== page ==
The Bowdoin College Museum of Art is showcasing “African/American: Two Centuries of Portraits” through Feb. 9, 2020. Elizabeth Humphrey, a 2014 Bowdoin graduate who is now curatorial assistant and manager of student programs, poses alongside museum co-director Frank Goodyear. Alex Lear / The Forecaster

BRUNSWICK — Long separated by an ocean, two paintings of prominent African-American men sharing the same last name, painted by the same African-American Baltimore artist around the same time roughly 210 years ago, sit side-by-side in a Bowdoin College Museum of Art gallery.

The dual portraits are among the paintings, photographs and texts displayed in “African/American: Two Centuries of Portraits,” a Becker Gallery exhibit that runs through Feb. 9, 2020.

One portrait, owned by the college, is of Abner Coker, a minister of Baltimore’s Bethel African Methodist Episcopal Church. It is one of a few recorded portraits of an African-American person painted by Joshua Johnson (1789-1832), who is among the earliest known African-American artists.

Next to Abner Coker’s portrait is one Bowdoin is borrowing from the American Museum & Garden in Bath, England, of Daniel Coker, an African-American of mixed race who lived in Baltimore at a time when 20% of the population was black, but only half enjoyed tenuous freedom, according to information provided by the college. Coker wrote in 1810’s “A Dialogue Between a Virginian and an African Minister” that emancipating those enslaved would not be “wronging the master, but doing justice to the slave, restoring him to himself.”

Lauryn Dove, a Bowdoin junior, curated the exhibit. Contributed

It was curated by Bowdoin junior Lauryn Dove, who was assisted by Elizabeth Humphrey, a 2014 Bowdoin graduate who is now curatorial assistant and manager of student programs.

Dove, who is studying abroad in London, said by email that when she was given the opportunity to curate an exhibit that commemorates 50 years since Bowdoin’s creation of its Black Student Union, Africana studies program and the John Brown Russwurm Center, she wanted to create something that had not before been seen.

“From my own experience consuming media about this period in Black history, it seems that select narratives are repeated over and over again and erase certain voices in doing so,” she said. “I wanted to highlight untold stories to inspire others to question what we learn and find what pieces we’re missing.”

Dove added that the exhibit “demonstrates that various forms of discrimination are inherent in the world around us and continue to have impacts on many groups across the world. I hope that those who see it have at least one piece that sticks with them to help keep its story alive.”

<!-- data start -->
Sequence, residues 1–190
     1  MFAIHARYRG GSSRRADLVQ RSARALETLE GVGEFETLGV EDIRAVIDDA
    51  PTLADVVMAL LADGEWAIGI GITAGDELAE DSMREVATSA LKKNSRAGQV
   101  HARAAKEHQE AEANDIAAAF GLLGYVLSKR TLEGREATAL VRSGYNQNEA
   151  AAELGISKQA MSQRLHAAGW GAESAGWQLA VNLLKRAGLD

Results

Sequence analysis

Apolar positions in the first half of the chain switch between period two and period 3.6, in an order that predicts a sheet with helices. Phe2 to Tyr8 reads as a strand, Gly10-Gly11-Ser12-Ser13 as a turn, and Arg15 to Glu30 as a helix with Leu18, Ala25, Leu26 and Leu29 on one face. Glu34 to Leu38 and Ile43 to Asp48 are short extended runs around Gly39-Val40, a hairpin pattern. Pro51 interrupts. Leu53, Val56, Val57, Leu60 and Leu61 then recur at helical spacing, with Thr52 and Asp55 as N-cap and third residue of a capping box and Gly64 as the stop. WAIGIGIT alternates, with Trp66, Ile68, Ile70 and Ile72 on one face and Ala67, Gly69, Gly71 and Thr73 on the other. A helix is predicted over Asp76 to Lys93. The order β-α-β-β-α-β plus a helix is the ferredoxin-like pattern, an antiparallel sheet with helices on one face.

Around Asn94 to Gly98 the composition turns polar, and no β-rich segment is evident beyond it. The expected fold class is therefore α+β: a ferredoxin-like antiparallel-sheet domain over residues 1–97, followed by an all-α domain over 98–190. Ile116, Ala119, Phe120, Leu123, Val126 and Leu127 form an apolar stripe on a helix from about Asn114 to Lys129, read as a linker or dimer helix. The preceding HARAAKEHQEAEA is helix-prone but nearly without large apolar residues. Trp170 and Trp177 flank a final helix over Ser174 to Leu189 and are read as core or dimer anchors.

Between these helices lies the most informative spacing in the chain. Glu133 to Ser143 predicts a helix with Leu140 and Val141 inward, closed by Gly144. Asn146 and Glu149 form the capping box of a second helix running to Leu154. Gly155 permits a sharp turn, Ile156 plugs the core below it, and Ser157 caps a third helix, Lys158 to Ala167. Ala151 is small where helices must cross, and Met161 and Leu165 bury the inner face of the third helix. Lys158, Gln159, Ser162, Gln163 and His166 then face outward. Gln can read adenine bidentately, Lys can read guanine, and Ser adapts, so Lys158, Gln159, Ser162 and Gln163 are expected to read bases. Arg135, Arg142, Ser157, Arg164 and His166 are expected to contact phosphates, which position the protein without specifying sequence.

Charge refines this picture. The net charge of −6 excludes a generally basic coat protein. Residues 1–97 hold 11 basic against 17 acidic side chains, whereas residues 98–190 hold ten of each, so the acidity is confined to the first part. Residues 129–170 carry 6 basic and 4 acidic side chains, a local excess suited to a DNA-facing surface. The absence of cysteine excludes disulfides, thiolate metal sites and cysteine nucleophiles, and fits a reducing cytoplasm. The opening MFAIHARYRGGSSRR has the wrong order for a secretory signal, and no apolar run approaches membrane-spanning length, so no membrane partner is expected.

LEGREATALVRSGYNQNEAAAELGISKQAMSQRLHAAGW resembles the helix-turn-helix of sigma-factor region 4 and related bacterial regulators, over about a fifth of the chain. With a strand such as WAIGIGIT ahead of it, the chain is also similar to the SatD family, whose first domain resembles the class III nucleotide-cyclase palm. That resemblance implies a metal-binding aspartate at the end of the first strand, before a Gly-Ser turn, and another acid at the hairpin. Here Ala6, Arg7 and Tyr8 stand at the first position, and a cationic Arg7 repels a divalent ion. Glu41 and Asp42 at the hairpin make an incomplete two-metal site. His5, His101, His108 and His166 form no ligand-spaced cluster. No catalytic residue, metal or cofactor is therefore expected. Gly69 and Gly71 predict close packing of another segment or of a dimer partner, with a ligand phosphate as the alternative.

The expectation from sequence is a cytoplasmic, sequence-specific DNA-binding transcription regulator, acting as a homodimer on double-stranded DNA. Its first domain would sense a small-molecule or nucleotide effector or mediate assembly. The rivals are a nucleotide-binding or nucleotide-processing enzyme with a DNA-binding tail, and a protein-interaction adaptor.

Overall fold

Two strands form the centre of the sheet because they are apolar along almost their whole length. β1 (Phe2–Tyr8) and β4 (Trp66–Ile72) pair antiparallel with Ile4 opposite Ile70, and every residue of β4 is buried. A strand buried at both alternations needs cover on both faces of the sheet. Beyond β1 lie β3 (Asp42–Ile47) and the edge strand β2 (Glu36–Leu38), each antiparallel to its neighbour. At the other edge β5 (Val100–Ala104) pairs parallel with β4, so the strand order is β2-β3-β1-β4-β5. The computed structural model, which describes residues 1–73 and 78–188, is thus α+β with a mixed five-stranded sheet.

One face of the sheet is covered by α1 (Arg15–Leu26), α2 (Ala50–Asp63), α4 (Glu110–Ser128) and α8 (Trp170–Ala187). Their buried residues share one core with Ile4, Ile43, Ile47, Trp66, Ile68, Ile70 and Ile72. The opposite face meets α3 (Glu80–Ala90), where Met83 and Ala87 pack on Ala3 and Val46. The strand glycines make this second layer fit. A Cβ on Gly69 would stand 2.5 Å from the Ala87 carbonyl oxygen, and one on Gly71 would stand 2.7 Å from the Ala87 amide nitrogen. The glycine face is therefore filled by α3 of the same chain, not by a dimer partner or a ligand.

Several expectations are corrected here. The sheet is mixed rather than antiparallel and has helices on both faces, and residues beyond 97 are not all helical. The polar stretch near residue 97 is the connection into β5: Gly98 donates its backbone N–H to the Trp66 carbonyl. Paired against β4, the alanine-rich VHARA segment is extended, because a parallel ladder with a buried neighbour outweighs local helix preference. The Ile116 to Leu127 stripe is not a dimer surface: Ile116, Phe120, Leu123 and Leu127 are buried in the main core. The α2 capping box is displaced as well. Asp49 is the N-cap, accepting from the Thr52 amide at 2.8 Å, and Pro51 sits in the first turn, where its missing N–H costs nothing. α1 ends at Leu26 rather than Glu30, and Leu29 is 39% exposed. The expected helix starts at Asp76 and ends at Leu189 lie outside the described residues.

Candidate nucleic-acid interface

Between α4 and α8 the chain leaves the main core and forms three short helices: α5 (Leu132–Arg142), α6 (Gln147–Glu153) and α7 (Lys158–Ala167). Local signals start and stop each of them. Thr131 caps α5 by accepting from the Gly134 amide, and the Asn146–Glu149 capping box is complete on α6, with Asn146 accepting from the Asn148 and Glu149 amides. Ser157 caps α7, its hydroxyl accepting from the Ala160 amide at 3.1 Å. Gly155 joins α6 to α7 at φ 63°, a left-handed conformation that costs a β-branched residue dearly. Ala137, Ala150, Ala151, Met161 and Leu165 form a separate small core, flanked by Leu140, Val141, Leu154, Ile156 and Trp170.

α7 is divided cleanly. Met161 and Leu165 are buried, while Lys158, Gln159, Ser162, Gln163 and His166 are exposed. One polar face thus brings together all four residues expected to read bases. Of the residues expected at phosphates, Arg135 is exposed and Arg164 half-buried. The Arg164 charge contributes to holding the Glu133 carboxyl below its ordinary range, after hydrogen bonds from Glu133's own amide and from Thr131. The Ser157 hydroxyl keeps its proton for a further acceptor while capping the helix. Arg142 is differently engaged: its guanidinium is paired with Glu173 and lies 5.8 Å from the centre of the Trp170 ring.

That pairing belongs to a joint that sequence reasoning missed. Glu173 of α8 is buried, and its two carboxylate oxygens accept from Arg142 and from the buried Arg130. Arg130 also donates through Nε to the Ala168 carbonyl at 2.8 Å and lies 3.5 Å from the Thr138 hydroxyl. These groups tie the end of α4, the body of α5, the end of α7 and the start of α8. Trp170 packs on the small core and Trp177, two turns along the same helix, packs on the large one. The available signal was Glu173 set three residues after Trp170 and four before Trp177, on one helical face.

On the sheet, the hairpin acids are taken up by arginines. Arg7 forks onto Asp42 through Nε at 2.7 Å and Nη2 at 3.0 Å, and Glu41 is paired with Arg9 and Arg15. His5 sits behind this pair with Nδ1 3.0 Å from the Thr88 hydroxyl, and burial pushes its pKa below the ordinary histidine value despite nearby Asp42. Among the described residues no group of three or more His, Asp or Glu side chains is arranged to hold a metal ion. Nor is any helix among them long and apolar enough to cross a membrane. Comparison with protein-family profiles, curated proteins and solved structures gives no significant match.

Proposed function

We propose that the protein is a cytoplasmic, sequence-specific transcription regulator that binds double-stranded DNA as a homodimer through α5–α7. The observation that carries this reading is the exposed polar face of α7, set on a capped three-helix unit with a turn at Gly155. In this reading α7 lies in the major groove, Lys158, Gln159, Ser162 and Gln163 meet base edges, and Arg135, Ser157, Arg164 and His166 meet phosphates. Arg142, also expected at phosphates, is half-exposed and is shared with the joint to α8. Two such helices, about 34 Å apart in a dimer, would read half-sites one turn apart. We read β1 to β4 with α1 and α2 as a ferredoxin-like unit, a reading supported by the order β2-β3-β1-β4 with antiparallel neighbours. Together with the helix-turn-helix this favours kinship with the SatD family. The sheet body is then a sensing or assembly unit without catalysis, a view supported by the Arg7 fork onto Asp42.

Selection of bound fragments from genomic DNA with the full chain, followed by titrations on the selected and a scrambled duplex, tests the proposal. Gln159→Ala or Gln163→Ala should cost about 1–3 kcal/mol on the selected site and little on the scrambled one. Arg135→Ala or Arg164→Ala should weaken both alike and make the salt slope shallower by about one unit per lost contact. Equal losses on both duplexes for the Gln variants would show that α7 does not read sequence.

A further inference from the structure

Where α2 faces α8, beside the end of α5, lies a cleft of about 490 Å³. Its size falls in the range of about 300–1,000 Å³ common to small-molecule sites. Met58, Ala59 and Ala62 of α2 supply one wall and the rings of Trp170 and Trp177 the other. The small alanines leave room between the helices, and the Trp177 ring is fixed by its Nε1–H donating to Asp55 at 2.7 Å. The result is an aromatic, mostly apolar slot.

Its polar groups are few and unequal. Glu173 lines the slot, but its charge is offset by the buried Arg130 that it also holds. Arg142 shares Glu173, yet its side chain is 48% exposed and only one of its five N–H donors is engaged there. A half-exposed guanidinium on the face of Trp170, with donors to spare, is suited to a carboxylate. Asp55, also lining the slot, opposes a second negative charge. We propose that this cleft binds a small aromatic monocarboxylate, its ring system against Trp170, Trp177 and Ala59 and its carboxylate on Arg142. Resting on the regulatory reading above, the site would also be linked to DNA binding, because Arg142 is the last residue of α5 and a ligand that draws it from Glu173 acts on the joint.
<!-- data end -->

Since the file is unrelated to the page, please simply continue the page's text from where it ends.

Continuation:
While Dove was interested in the representation of African-Americans in the years before the American Civil War, there were other items in the museum’s collection that “we brought out to think about the ways in which African-Americans were represented in art, and in photography,” museum co-director Frank Goodyear said in an interview alongside Humphrey. “But also to think about the achievements and struggles of African-Americans during this period, recognizing some of the important African-American contributions to the arts.”

Dove expanded her focus beyond the pre-war period to incorporate more contemporary elements, “how to expand the narrative not only to include African-Americans but the African diaspora more broadly,” Humphrey said.

Other portraits in the gallery include one of Russworm, an 1826 Bowdoin alumnus who was one of the first African-Americans to graduate from the college. There is also a 1787 anti-slavery medallion by the Briton Josiah Wedgwood, which shows an enslaved black man on one knee, pleading with clasped shackled hands.

There is also an 1869 marble bust by Edmonia Lewis, who had an Afro-Haitian father and a Mississauga Ojibwe mother, and whose work was recognized internationally in 1876 when her sculpture “The Death of Cleopatra” was shown at the Centennial Exposition in Philadelphia.

A display case features two autobiographies of former slaves – Frederick Douglass and Harriet Ann Jacobs – and a biography of Phillis Wheatley by antislavery leader Benjamin Bussey Thatcher.

Late 1960s photos by American Danny Lyon focus on African-American men incarcerated in Texan prisons, showing that although slavery had been abolished a century before, involuntary servitude as punishment for a crime was still allowed, meaning that black people were still put to hard labor for crimes as minimal as vagrancy and loitering.

The museum can be reached at 725-3275 or [email protected].

Comments are not available on this story.